Innovative Nonlinear Hadron Accelerator Designs to Extend the Intensity Frontier
Department of Energy
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5621 Arapahoe Ave, Boulder, CO, 80303-1379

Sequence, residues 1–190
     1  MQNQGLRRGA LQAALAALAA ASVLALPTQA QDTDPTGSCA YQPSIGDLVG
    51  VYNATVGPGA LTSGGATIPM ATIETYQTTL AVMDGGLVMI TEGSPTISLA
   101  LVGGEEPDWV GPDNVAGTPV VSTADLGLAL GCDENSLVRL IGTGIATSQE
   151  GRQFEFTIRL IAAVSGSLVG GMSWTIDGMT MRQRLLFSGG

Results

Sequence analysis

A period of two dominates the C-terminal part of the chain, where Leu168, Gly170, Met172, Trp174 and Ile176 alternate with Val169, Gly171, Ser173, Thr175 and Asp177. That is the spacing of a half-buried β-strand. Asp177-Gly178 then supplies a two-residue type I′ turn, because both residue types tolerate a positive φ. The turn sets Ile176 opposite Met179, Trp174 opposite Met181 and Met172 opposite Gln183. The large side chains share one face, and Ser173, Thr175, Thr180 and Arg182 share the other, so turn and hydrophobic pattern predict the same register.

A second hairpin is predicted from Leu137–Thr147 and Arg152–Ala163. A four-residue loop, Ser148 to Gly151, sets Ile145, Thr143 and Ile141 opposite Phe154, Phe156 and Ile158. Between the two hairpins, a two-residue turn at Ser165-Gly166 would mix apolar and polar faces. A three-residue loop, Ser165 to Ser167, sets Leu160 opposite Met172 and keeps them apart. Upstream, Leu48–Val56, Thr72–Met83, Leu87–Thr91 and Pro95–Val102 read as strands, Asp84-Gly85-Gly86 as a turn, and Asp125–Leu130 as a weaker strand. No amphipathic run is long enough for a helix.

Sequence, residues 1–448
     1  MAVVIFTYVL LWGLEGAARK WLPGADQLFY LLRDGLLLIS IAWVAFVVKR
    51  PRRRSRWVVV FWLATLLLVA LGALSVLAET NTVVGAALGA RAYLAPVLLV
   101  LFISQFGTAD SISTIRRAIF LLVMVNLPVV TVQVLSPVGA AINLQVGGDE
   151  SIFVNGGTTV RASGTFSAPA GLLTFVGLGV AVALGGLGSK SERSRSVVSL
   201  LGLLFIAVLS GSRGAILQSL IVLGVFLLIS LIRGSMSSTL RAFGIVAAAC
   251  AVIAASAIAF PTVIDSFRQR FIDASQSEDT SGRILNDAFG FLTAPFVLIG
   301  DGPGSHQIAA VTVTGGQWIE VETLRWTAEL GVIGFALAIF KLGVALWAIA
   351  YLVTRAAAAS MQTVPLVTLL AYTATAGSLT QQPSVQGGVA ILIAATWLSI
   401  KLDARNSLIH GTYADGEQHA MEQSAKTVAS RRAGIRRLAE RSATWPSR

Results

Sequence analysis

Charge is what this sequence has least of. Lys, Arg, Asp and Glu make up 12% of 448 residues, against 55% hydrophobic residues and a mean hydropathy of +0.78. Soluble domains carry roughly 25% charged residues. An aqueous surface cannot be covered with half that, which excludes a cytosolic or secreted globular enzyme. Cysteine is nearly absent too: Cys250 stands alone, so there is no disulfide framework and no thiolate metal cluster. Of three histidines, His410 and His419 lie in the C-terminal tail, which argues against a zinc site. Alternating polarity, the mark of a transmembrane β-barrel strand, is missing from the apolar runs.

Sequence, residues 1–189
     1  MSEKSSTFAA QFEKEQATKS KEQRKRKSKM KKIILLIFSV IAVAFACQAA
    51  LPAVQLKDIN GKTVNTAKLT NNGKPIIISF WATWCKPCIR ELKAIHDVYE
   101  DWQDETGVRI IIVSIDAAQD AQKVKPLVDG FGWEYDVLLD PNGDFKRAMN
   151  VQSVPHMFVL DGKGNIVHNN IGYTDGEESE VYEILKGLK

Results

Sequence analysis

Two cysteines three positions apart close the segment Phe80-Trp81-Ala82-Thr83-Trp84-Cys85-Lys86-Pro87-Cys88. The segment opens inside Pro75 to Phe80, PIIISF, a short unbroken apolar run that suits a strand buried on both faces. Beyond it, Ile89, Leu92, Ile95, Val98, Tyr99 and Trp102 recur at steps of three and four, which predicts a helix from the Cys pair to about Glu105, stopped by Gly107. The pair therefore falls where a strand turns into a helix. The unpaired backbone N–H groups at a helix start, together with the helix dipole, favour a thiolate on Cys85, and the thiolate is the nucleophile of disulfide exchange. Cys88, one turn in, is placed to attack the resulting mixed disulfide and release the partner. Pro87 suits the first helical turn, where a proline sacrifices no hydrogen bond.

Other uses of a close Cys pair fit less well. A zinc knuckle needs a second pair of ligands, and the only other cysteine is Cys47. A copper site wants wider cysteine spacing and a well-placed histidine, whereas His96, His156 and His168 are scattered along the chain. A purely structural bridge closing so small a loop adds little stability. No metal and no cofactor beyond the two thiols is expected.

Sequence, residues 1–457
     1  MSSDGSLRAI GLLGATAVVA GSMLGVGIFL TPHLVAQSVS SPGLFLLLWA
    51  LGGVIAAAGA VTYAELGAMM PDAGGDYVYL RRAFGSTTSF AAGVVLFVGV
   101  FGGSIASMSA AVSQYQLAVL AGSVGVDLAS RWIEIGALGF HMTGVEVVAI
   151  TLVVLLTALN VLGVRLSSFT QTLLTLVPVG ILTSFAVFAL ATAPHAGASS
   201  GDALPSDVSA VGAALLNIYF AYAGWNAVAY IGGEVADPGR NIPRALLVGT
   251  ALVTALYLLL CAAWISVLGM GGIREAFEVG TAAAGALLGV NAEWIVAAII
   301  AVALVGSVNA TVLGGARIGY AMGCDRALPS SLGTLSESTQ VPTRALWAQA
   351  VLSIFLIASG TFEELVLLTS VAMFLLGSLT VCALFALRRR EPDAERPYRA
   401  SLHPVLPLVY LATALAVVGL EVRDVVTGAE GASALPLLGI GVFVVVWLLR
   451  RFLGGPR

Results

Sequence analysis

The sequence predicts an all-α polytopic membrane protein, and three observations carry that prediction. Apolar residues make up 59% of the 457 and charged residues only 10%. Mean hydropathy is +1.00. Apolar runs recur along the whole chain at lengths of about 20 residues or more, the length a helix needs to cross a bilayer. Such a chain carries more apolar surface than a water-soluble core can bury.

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AbstractThe P5 subpanel of HEPAP has identified the energy, intensity and cosmic frontiers as key themes for the next ten years of particle physics research. The intensity frontier is defined by use of intense particle beams to advance neutrino physics and to observe rare processes outside the standard model. The intensity frontier will be extended by Project X at Fermilab, which will deliver MW proton beams at energies ranging from 2.5 to 120 GeV. Order-of-magnitude increases in the peak and average beam power of next-generation hadron accelerators, required to further extend the intensity frontier, demand serious exploration of advanced concepts to minimize both beam loss and physical aperture. For example, the proton driver for a future neutrino factory or muon collider will require even higher intensity proton beams than Project X. Recent theoretical work has defined a promising approach to develop fundamental new designs of the magnetic optics for intense hadron beams in linear accelerators and storage rings, using strongly nonlinear fields to suppress space charge driven instabilities, while retaining integrability of the single particle motion to maximize dynamic aperture. The next logical step forward will be to discover a subset of nonlinear integrable lattices such that the space charge forces of an intense beam do not significantly damage the integrability of the underlying single-particle trajectories. This project will consider three very different types of highly nonlinear optics designs and, using both theoretical and numerical tools, will explore the effects of space charge forces on the single-particle and collective dynamics of intense beams, including various ways to minimize beam losses to the accelerator wall. Commercial Applications and Other Benefits: As more US and international research funds are directed to the intensity frontier for high-energy physics, neutron source and waste transmutation applications, there is a significant opportunity for future research and development contracts. The expertise developed for this project will help Tech-X to compete for these opportunities, while contributing to important advances in the field of particle accelerator technology. US DOE facilities that could benefit in the future from the results of this work include Project X at Fermilab, the proton driver for a future neutrino factory or muon collider, major upgrades to the Spallation Neutron Source, and perhaps a future spallation-driven system for nuclear waste transmutation.
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